“Because we learned so much about solar PV systems during our studies at UNSW, we know the optics and electrical properties of each single layer in a solar panel; how light shining on the panel will be reflected or refracted into the glass, and then through the anti-reflection layer on the solar cell and then into the silicon,” Li tells pv magazine.

He says their PVMaster technology offers particular advantages in calculating additional differences in panel features and installation, such as bifacial construction, tracking systems or additions such as light-redirecting film covering the cell ribbon. That is, PVMaster can take each variable factor into detailed account.

“We work with a physical model of the solar farm that is extremely accurate,” says Li. Because it is not heavily reliant on historical datasets for machine learning, “we need less training data, so we are better for new solar farms,” than some other forecasting systems, he says.

PVMaster forecasting is extremely close to actual power generation.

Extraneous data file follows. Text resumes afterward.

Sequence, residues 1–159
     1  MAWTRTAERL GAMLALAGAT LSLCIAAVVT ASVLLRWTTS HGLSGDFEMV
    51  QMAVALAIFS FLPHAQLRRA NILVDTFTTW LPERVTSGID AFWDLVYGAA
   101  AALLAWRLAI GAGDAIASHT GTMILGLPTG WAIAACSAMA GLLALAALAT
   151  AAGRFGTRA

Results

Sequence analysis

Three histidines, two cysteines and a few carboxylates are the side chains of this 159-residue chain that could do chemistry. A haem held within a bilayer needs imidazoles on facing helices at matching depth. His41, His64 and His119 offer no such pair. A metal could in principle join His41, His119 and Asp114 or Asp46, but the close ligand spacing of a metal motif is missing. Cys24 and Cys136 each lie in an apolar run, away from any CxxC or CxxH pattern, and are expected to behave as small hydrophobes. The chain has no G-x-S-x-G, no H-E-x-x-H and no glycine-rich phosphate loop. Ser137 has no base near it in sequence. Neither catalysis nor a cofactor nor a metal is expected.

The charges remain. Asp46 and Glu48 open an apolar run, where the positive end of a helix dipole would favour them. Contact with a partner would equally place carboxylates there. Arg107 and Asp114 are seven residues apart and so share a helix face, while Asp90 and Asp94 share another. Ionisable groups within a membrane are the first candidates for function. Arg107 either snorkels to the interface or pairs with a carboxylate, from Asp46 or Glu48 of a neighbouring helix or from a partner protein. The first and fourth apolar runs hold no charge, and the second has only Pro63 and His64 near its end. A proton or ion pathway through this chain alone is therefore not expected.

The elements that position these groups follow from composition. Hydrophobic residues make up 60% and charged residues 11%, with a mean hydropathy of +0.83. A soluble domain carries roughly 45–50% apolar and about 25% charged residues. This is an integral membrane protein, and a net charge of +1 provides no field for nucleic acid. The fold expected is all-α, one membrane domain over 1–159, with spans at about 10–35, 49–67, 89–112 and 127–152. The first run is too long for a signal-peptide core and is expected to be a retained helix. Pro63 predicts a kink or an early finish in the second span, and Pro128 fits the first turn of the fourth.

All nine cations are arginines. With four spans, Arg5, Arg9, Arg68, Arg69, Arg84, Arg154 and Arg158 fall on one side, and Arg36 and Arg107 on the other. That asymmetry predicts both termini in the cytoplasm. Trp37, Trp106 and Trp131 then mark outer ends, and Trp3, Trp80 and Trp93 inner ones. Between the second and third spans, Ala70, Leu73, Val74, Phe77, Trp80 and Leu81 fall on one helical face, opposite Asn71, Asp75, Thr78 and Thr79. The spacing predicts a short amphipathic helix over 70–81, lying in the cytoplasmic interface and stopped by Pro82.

Image: Renewable Energy Labs

Helping developers make better bets on the FCAS market

Along the journey to commercialisation, REL has applied aspects of its technology to benchmarking solar performance across portfolios of commercial rooftop installations, and to smart-inverter technologies for residential solar. 

For one customer, which designed a battery/inverter package, REL integrated its forecasting into the smart inverter, which allowed it to manage the battery storage according to anticipated weather conditions: if the next day were forecast to be sunny, for example, the system would allow the battery to be drained by domestic appliances overnight, in anticipation of charging up tomorrow on solar.